Republic of Images

Republic of Images : A History of French Filmmaking

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Chronicling one of the greatest and most popular national cinemas, Republic of Images traces the evolution of French filmmaking from 1895-the year of the debut of the Cinematographe in Paris-to the present day. Alan Williams offers a unique synthesis of history, biography, aesthetics and film theory. He brings to life all of the major directors, setting before us the cultures from which they emerged, and sheds new light on the landmark films they created. He distills what is historically and artistically unique in each of their careers and reveals what each artist has in common with the forebears and heirs of the craft.

Within the larger story of French cinema, Williams examines the treasury of personal expression, social commentary, and aesthetic exploration that France has produced so consistently and exported so well. It is the tale of an industry rife with crises, and Williams offers a superb narrative of the economic, political, and social forces that have shaped its century-long history. He provides biographical sketches of filmmakers from the early pioneers of the silent era such as Louis Lumiere and Alice Guy to modern directors such as Louis Malle, Claude Chabrol, and Francois Truffaut. Some of their careers, he shows, exemplify the significant contributions individuals made to the development of French fllmmaking; others yield illuminating evidence of the problems and opportunities of a whole generation of filmmakers. Throughout, he presents critical analyses of significant films, from The Assassination of the Duc de Guise (1908) to works by the post-nouvelle vague directors.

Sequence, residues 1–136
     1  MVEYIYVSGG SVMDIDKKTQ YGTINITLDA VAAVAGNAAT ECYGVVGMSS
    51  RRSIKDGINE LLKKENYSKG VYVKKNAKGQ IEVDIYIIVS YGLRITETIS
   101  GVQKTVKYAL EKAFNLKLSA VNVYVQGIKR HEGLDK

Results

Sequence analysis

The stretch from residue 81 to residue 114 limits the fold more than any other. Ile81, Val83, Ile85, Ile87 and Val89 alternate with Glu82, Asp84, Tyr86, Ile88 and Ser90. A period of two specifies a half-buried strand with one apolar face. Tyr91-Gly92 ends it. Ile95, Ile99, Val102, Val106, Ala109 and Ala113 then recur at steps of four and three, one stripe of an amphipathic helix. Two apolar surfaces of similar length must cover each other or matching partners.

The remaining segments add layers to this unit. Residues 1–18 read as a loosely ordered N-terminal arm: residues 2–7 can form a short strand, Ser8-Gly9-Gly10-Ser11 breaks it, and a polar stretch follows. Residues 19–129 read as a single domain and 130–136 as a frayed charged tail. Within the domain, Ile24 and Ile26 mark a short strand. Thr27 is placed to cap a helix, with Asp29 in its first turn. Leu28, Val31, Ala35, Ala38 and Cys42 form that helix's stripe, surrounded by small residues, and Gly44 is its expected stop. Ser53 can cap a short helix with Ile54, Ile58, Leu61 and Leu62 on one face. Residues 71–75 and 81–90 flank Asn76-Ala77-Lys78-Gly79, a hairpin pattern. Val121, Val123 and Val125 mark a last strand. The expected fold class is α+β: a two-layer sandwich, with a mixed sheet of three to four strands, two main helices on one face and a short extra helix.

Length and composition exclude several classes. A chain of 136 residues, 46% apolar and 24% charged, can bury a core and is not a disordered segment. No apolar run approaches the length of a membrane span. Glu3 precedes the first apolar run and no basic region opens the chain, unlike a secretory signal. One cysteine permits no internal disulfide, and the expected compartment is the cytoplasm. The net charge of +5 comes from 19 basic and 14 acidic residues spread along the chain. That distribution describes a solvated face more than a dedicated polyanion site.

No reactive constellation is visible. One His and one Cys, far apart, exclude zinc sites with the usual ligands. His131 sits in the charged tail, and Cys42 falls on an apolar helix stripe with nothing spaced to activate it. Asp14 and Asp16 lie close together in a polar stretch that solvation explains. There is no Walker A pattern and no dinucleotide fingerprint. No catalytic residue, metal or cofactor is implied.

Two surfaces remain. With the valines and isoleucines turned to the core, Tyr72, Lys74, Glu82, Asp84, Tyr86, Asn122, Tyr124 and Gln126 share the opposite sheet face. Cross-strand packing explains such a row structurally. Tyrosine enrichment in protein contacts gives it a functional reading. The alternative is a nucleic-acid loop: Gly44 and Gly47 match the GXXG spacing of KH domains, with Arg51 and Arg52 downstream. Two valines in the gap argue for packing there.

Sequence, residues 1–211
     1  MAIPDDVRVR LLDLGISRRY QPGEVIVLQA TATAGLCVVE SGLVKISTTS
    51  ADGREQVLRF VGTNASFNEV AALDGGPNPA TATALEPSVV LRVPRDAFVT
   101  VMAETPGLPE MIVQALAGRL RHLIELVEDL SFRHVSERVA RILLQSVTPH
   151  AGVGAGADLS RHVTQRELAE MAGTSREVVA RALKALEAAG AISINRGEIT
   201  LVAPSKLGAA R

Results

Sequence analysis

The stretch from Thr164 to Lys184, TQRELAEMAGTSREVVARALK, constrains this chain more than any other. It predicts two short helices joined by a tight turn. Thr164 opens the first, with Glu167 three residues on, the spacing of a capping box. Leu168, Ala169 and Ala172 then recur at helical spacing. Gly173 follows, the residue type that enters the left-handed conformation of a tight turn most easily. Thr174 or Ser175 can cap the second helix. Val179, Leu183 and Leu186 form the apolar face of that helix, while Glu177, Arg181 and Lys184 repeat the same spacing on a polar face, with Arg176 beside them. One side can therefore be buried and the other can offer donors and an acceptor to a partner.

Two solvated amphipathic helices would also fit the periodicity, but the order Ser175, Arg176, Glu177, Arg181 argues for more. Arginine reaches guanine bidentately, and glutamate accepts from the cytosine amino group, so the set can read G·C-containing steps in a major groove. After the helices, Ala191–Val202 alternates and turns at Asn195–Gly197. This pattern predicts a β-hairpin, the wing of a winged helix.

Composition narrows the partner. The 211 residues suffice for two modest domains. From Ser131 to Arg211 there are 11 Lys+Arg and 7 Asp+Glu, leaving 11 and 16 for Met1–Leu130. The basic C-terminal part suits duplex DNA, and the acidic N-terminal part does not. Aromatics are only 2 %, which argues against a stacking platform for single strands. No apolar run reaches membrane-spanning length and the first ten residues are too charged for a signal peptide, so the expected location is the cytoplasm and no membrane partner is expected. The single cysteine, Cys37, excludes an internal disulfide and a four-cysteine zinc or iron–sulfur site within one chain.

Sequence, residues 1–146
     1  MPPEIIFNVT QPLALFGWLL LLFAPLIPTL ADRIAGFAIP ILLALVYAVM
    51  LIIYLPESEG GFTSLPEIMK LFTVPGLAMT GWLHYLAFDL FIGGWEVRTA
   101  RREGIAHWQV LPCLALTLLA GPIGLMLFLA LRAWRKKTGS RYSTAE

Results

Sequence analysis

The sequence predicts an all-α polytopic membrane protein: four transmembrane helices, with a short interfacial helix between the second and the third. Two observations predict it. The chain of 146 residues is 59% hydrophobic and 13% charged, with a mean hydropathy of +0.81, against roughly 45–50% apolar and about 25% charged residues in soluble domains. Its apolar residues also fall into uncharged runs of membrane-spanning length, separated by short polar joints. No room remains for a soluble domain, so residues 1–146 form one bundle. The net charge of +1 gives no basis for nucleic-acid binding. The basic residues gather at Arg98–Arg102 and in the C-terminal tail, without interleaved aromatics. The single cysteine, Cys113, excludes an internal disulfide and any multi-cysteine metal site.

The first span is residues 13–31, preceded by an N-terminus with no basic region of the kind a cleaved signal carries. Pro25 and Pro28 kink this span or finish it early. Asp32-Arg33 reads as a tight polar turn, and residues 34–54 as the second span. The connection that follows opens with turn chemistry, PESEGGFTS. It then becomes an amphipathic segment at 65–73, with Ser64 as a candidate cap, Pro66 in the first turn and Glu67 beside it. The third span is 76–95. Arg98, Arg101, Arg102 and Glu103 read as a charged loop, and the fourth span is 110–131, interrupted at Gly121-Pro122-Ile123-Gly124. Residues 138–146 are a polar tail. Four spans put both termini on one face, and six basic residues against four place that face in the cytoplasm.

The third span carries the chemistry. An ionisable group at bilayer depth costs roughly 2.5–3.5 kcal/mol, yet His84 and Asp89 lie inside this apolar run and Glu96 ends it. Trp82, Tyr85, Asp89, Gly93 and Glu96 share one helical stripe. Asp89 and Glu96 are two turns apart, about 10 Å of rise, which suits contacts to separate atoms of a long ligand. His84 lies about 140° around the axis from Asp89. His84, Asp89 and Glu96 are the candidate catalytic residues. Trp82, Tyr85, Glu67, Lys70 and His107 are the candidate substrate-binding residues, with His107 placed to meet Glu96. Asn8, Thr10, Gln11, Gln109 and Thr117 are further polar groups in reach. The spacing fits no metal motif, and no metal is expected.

Williams captures the formal and stylistic developments of film in France over nearly one hundred years. Free of cant and jargon, Republic of Images is the best general account available of the rich interplay of film, filmmaker, and society. It will delight both general reader and student, as well as the viewer en route to the video store.
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Product details

  • Paperback | 472 pages
  • 156 x 235 x 30.99mm | 717g
  • Cambridge, Mass, United States
  • English
  • 0674762681
  • 9780674762688
  • 641,374

Back cover copy

To tell the story of this small but highly visible and influential sector of French cinema requires also to tell the larger story of the industry which allowed-in fact, encouraged- its creation. And so this book includes a great deal of information on French film production in general, particularly at the moments of economic and moral crisis which seem to scan its history, like a strange rhyme scheme, every decade or decade and a half.
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Table of contents

A Note on Film Titles and Dates Introduction Part I: French Cinema Dominates the World Market 1. The Cinema Before Cinema 2. An Industry Begins 3. Growth and Diversification Part II: The Golden Age of the Silent Film 4. Decline and Mutation 5. The Mental and the Physical 6. The Commercial and the Esoteric Part III: The Golden Age of the Sound Cinema 7. An Unexpected Upheaval 8. Art and Entertainment in the Sound Film 9. Politics, Poetics, and the Cinema Part IV: A New Kind of Cinema 10. War and Occupation 11. Liberation-Change and Continuity 12. An Alternative Film Culture Part V: The Nouvelle Vague and After 13. Fourth Wave 14. Filmmaking at the Margins 15. Winds of Change Notes Bibliography Index
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Review quote

The history of French cinema is the history of cinema.--Nestor Almendros
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Rating details

43 ratings
3.79 out of 5 stars
5 23% (10)
4 40% (17)
3 33% (14)
2 2% (1)
1 2% (1)
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